Edward Clark became President of the UK Sibelius Society in 1990 after an introduction through the Finnish Embassy to the founder of the Society, Andrew Barnett. Andrew had worked abroad for a number of years with his Finnish wife Kyllikki, and was then based in Yorkshire; it was thought sensible to have a London-based Society representative. Since then more than forty concerts have been hosted by the Society including a wide range of Sibelius’s music not normally heard in our concert halls, including four British Sibelius premières, Society publications have been made available and seminars are held annually at the Finnish Institute in London
Edward Clark was born in the Royal town of Windsor in August 1947. His father had inherited his grandfather’s garage business established in 1924 and built it to a pre-eminence that led the Queen to grant her Royal Warrant to A A Clark Ltd for services rendered to her household.
Educated initially at the Haileybury Junior School in Windsor (now re-developed as luxury flats and houses!) Edward attended Haileybury College at Hertford between 1961 and 1965. It was at school that a love for music in general and Sibelius in particular was developed. Although the Beatles reigned supreme with Edward (every six weeks he bought a new stunning double-sided 45 rpm record) he was openly hostile to classical music until he experienced a music lesson from the school violin teacher, David Thompson. He played his instrument for half an hour and asked for volunteers to learn under him for the school orchestra. The young Edward gingerly put his hand up and the rest, you might say, is history.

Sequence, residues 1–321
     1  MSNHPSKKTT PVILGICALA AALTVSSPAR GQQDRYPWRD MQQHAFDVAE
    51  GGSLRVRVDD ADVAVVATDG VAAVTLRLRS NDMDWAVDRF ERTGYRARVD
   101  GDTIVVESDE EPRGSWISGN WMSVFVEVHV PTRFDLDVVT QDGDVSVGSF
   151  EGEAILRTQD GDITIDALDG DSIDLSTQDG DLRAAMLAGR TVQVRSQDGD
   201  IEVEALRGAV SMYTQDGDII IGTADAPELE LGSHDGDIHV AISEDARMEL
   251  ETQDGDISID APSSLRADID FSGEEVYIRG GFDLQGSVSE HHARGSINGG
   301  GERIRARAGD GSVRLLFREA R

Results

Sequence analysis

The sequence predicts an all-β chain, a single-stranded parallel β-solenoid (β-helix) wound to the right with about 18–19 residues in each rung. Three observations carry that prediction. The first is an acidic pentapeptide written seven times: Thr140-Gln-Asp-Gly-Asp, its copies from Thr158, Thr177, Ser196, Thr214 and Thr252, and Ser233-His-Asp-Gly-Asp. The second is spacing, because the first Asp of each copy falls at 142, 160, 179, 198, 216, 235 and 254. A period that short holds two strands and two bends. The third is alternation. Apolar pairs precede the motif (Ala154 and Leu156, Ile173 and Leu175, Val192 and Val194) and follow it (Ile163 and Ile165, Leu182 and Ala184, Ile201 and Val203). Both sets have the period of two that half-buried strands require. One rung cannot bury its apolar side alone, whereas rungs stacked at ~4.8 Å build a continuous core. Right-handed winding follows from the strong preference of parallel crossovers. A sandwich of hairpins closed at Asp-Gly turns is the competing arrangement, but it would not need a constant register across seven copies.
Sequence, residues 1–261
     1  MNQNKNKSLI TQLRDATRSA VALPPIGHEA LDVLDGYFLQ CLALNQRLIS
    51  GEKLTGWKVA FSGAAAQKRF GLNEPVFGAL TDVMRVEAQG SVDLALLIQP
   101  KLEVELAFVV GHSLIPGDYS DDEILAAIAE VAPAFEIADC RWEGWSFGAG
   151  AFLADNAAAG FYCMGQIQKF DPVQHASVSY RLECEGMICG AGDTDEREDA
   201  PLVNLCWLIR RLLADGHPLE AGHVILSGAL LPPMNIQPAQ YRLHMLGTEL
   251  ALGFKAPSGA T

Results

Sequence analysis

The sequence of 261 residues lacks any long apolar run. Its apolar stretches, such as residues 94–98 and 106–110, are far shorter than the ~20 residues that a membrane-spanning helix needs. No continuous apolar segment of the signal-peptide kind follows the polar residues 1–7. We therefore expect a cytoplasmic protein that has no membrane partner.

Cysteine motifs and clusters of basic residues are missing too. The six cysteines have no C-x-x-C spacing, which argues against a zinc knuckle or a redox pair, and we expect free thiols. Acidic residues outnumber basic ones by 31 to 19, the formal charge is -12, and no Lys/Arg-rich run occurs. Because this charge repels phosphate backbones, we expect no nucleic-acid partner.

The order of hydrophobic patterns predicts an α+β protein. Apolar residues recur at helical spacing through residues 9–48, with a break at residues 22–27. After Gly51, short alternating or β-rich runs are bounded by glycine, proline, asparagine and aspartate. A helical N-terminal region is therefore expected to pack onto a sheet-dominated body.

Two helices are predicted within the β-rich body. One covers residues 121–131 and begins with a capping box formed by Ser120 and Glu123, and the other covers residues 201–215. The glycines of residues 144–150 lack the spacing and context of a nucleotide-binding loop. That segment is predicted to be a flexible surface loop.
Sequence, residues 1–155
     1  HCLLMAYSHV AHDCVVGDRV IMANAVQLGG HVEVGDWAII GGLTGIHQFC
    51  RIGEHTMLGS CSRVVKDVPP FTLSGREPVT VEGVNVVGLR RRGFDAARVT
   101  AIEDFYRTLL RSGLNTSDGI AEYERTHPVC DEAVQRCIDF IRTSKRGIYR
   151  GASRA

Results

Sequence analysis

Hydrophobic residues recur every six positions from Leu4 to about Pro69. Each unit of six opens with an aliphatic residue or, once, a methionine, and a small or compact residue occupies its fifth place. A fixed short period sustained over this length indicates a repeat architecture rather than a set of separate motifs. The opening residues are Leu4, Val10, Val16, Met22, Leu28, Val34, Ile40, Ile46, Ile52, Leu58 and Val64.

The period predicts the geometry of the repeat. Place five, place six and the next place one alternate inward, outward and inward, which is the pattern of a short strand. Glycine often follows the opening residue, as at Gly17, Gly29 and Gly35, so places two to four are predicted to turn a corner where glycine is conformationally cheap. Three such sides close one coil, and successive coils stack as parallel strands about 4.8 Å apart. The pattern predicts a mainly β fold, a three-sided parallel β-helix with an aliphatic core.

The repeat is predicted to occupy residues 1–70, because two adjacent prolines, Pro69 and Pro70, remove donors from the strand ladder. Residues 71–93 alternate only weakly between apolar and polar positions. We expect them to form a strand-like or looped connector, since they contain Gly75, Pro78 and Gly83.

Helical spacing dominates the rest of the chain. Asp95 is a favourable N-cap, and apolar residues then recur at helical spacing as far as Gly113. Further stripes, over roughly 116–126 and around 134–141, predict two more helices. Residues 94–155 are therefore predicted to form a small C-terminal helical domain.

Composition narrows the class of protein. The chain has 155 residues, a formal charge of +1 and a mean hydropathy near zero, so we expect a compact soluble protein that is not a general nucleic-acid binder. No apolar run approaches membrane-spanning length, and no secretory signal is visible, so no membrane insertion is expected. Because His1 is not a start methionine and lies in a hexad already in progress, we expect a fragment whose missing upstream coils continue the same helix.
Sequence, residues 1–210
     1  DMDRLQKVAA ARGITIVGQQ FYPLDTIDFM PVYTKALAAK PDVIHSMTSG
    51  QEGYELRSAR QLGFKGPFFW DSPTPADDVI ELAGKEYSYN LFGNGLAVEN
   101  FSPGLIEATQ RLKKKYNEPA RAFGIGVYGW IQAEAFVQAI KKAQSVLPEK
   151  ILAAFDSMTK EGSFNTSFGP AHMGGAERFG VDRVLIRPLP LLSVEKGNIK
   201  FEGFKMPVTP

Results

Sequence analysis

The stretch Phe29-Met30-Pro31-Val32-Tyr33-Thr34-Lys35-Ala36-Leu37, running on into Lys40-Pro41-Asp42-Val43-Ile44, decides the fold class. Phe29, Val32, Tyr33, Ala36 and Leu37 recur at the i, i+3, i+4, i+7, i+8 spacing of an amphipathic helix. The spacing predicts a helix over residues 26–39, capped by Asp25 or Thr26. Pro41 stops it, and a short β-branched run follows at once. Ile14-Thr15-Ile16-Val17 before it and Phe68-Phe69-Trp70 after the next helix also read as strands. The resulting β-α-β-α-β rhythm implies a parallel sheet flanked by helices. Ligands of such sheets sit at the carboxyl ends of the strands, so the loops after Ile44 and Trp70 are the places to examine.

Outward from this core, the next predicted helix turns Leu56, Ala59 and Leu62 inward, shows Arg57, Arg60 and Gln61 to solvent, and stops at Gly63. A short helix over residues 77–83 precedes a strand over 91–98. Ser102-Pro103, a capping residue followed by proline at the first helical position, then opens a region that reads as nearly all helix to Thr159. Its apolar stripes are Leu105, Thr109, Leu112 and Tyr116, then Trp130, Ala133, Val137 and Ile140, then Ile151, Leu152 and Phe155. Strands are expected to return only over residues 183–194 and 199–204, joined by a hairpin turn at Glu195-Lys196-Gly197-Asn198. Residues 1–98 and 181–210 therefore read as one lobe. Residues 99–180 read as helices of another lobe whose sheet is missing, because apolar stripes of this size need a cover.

Never fully mastering this complex instrument (though rising to the position of leader of the school orchestra), Edward began an odyssey of musical investigation that continues today. His teacher introduced him to Sibelius (David Thompson was proficient enough to perform Sibelius’s fiercely difficult Violin Concerto with the orchestra), a composer so different in sound to the Austro-German tradition that the wonderful Third Symphony made an immediate impression. Edward requested this work on the BBC Third Programme Record Request programme in 1964 and, to his house master’s surprise, the producer turned up to interview Edward about his reasons for choosing what was then a little known work. The BBC thoughtfully broadcast it later that day during Edward’s music class and he was subject to much ribbing!
Edward’s questing approach to all things to do with serious music has continued, though a certain amount of coaching was necessary to equip him with the skills to conduct a concert at St James’s, Piccadilly, of works by Mozart and Sibelius to celebrate his 50th birthday in 1997. Edward received the Sibelius Medal in 1994 for services to the understanding of Sibelius in Great Britain. In 2006 he took a sabbatical to write a personal memoir, ‘Sibelius Reflections’, now available through the Society web site and described by the Sibelius authority Robert Layton as an ‘eloquent collection of essays’.